Home > Journals > Minerva Chirurgica > Past Issues > Minerva Chirurgica 2006 April;61(2) > Minerva Chirurgica 2006 April;61(2):167-9

CURRENT ISSUE
 

JOURNAL TOOLS

eTOC
To subscribe
Submit an article
Recommend to your librarian
 

ARTICLE TOOLS

Reprints
Permissions

 

CLINICAL CASES   

Minerva Chirurgica 2006 April;61(2):167-9

Copyright © 2006 EDIZIONI MINERVA MEDICA

language: English

Small bowel evisceration after laparoscopic cholecystectomy: report of an unusual case

Baldassarre G. E. 1, Valenti G. 1, Torino G. 1, Prosperi Porta I. 2, Valenti V. 3, Campisi C. 4

1 Department of General Surgery San Pietro Hospital-Fatebenefratelli, Rome, Italy 2 Department of Clinical Sciences Policlinico Umberto I La sapienza University, Rome, Italy 3 Department of Cardiology Sant’Andrea Hospital La sapienza University, Rome, Italy 4 National Research Council, Rome, Italy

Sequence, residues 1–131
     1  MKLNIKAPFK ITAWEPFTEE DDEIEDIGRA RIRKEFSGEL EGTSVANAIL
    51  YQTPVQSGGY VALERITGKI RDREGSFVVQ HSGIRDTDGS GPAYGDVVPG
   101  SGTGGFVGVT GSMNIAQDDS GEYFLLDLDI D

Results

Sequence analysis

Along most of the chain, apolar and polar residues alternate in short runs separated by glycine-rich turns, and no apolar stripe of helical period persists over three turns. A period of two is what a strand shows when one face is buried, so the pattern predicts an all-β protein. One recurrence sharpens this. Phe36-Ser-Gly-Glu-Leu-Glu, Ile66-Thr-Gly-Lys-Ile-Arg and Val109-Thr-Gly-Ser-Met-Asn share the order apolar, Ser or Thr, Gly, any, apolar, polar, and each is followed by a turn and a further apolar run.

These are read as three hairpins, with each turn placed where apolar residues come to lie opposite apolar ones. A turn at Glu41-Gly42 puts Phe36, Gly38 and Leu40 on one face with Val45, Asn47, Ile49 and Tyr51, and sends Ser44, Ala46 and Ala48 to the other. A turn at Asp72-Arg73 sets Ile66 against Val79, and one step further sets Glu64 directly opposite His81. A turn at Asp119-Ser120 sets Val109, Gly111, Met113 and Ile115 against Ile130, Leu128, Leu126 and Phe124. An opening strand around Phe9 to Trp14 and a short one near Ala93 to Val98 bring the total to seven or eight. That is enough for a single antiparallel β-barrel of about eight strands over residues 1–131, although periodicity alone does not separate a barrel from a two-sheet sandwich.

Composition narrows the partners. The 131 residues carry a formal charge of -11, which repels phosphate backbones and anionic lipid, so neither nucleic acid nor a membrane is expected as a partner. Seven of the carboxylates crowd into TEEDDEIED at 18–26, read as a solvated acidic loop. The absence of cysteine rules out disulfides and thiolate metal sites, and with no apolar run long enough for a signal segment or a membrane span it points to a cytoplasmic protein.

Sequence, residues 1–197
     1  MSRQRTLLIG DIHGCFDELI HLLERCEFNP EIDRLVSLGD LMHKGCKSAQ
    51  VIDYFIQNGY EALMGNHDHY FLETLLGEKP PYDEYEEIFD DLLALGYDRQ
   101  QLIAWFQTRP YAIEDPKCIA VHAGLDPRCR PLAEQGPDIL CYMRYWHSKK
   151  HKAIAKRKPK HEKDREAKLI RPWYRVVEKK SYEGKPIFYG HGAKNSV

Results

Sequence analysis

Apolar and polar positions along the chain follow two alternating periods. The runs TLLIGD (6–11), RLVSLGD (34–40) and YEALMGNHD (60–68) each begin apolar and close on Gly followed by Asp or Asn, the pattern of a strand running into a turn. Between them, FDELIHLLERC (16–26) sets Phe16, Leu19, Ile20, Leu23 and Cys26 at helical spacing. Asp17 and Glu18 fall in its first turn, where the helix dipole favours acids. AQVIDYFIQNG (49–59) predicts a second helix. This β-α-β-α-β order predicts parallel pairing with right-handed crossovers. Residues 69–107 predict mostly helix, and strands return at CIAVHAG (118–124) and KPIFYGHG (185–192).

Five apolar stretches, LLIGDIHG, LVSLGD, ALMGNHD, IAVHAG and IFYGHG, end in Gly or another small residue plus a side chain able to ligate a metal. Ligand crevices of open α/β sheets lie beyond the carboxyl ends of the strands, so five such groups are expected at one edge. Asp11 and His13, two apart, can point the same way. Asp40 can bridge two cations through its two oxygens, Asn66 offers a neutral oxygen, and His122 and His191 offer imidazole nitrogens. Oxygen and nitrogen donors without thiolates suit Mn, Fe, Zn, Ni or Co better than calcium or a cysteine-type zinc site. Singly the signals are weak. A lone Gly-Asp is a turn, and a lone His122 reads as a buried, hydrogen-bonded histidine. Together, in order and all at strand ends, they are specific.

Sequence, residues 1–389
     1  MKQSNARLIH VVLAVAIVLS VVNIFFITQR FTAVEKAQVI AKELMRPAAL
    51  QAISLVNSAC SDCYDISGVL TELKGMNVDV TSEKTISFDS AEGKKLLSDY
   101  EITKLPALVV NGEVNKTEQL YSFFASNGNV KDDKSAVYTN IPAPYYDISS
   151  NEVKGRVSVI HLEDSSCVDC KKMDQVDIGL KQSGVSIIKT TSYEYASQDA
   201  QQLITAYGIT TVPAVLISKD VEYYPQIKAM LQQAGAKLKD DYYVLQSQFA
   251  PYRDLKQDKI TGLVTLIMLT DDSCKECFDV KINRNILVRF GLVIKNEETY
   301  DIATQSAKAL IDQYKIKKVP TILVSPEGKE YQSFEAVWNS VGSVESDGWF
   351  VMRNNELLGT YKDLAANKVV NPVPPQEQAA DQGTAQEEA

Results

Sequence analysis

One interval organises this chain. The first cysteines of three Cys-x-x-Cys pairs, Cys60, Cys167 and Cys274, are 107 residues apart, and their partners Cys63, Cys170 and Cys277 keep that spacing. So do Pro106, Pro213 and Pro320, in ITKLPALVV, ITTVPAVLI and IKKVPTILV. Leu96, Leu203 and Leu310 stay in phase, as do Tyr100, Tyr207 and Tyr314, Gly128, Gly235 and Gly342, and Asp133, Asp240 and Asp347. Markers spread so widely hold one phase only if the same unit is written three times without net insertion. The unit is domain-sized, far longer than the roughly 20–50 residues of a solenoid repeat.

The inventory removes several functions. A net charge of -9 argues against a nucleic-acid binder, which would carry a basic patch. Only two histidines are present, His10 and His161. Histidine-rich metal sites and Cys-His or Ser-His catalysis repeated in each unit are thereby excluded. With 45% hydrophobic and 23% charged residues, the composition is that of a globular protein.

PDF


With the rapid development of laparoscopic surgery particularly in cholecystectomy, despite its own advantages, an ever increasing number of reports describe the appearance of new pathologies, due to laparoscopic approach. Evisceration is a rare complication previously described in gynecological obstetric procedures and only once in laparoscopic cholecystectomy. The case of a small bowel evisceration after laparoscopic cholecystectomy in a patient with a multifactorial etiology is presented: weakness area in the umbilical region, intractable cough in the first postoperative day and disruptive tear of the fascia to remove 2 large-size stones. The conclusion is drawn that, according to the literature, holes greater than 5 mm in diameter should be closed at fascial level and we believe that the removal of the gallbladder from epigastric holes is important, in ordr to avoid an enlargement and rupture of the umbilical port.

top of page